When hiring a bartender, he observes not only the technical skills that the bartender has, but also the ability to connect with customers. A good bartender, he says, should make customers feel at ease and be able to upsell drinks.

Burrata with honey roasted peaches paired with an Americano Reserve (Image courtesy of bar Milano)

Better still, a bartender with great adaptive skills would have the creativity to create a unique cocktail based on his acute observations and interaction with a customer, even if this is the customer’s first time to the bar.

Making the customer delighted with his experience at the bar, and giving him a sense of yearning to revisit again and again would be the hallmarks of a bartender who has mastered the adaptive skill of hospitality.

“For aspiring bartenders, my humble advice is to learn with an open mind. Running a bar business has both art and science elements to it, much like curating an appetizing and appealing cocktail,” he shared.

Bloody Mary and Bianco Spritz (Image courtesy of bar Milano)

During our bar Milano visit, warm hospitality was exhibited from the time we stepped into the restaurant. Besides the ambience of a welcoming Italian restaurant and bar, guests were greeted immediately and served with pleasure.

Rinomato Spritz (Image courtesy of bar Milano)

Arvind and the bar Milano team demonstrated with finesse how cocktails could be paired with antipasti and the Italian restaurant’s signature Pizza Fritta, sharing the story behind each cocktail and dish for guests to appreciate the recipes.

Pizza Fritta (Image courtesy of bar Milano)

Pizza fritta (“pizza of the people”) is a fried pizza that became popular in Napoli, Italy after WWII, when the city found itself in crisis. Ingredients and materials needed for pizza (e.g. mozzarella and even wood for the ovens) were difficult to find, hence Neapolitans came up with fried pizza.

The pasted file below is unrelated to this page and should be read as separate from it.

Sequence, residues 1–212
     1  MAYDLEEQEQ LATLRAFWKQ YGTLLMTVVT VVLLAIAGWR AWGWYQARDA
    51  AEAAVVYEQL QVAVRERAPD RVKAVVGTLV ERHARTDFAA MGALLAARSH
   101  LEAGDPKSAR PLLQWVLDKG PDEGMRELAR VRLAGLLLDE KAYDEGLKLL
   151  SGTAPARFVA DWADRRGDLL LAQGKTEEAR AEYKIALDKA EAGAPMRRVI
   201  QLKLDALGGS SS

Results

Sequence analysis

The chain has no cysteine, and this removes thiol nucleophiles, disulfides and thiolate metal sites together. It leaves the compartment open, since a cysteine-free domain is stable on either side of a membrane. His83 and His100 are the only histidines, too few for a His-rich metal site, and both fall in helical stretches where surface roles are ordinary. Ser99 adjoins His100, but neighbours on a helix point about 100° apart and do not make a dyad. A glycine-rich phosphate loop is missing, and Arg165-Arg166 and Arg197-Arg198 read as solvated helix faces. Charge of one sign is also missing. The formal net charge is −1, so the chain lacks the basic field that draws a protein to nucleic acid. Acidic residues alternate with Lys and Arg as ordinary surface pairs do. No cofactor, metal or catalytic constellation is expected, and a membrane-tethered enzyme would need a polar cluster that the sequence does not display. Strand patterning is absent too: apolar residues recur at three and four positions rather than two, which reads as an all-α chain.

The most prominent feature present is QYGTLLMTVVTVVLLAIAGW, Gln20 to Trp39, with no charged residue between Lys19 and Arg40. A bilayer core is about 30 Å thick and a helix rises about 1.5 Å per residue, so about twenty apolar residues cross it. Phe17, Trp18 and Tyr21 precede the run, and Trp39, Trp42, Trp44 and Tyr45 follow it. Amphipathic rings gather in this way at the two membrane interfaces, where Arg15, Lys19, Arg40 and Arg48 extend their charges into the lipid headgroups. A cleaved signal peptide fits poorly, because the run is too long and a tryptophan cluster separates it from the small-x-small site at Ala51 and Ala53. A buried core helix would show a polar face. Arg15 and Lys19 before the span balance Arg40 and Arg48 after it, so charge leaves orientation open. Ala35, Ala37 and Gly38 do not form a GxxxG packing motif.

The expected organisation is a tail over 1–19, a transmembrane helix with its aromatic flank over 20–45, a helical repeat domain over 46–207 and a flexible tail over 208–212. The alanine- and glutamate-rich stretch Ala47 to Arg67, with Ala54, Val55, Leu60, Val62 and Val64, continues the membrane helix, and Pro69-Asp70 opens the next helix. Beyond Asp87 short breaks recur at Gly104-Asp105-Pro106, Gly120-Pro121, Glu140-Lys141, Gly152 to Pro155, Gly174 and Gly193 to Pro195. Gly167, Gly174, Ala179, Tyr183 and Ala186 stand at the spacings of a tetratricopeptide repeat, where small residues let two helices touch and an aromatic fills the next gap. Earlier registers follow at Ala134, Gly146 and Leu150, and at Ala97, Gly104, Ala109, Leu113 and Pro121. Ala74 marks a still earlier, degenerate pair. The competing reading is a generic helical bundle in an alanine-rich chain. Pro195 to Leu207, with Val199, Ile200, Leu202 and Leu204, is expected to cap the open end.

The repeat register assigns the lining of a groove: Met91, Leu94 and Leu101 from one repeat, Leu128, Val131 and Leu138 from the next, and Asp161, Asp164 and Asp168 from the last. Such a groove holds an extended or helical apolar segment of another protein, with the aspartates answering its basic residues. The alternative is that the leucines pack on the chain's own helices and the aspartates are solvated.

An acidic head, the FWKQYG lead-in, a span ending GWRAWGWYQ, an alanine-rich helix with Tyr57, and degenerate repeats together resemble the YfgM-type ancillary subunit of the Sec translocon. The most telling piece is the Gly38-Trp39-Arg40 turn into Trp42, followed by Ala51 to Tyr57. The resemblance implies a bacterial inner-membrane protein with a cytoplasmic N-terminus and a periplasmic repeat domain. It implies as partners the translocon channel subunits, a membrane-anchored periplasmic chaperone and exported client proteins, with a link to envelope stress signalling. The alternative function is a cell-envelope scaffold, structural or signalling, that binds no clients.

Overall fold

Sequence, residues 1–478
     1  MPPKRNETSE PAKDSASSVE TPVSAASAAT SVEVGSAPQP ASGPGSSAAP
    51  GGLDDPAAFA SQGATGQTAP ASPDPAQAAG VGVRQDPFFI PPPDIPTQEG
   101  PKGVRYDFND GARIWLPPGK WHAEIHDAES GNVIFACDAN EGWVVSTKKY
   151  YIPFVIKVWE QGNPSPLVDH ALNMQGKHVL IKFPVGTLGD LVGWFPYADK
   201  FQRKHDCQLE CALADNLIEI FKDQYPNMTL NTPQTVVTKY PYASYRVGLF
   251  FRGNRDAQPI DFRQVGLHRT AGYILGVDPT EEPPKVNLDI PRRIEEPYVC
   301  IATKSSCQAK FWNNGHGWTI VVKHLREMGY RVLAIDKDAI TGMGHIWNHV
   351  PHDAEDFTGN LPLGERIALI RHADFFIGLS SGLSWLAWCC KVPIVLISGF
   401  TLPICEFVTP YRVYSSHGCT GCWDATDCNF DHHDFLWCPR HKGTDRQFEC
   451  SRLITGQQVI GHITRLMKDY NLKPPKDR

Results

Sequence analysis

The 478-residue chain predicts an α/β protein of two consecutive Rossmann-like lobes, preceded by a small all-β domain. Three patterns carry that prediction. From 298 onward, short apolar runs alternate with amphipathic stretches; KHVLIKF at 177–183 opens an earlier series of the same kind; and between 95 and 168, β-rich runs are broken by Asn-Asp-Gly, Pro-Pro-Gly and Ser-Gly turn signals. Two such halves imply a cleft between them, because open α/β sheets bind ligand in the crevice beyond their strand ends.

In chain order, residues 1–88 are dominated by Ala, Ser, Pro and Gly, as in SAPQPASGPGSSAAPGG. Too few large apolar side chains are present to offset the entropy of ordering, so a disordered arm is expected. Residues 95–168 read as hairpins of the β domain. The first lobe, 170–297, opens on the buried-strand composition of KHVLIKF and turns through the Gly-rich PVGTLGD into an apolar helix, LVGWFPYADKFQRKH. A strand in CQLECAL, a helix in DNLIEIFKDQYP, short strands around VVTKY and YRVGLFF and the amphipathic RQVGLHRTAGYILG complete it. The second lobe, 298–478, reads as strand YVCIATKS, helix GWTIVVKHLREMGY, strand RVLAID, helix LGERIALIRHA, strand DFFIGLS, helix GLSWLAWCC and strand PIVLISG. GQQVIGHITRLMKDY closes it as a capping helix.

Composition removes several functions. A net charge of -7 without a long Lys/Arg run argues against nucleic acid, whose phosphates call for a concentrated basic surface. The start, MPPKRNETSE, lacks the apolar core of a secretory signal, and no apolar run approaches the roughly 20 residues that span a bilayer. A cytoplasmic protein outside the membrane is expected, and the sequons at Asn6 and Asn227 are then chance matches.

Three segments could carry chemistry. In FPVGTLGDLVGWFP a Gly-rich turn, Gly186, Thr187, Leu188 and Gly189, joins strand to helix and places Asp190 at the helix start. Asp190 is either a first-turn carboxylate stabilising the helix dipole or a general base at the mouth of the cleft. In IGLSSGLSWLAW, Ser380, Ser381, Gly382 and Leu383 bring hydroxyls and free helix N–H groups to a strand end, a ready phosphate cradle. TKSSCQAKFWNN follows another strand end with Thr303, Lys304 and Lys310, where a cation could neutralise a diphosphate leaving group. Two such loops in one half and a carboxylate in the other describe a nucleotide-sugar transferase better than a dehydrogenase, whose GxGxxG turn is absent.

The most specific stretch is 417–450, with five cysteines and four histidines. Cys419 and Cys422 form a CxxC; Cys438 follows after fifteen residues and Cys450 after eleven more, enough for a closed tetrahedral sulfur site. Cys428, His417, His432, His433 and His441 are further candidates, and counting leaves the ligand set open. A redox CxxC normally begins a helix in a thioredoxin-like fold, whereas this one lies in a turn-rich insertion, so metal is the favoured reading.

Pizza fritta was a cheaper alternative using less expensive ingredients such as pork crackling and ricotta. According to bar Milano, housewives sold pizza fritta on the streets to supplement the family’s income, and times were so hard that customers could even get pizza on credit or pizza a otto (“pizza-at-eight”) where it was eaten on the spot but paid for eight days later.

Amaro Nonino Spritz (Image courtesy of bar Milano)
Amaro Nonino Spritz with Roasted King Prawns (Image courtesy of bar Milano)

Over a leisurely course of antipasti such as roasted king prawns, steak tartare, olives ascolana, and burrata and peaches, bar Milano taught Thirsty Tuesday visitors how Italian wines such as Lambrusco, Cocchi Americano Rosa and Prosecco were incorporated into its popular spritz bar menu.

Steak tartar and anchovy cream on sourdough (Image courtesy of bar Milano)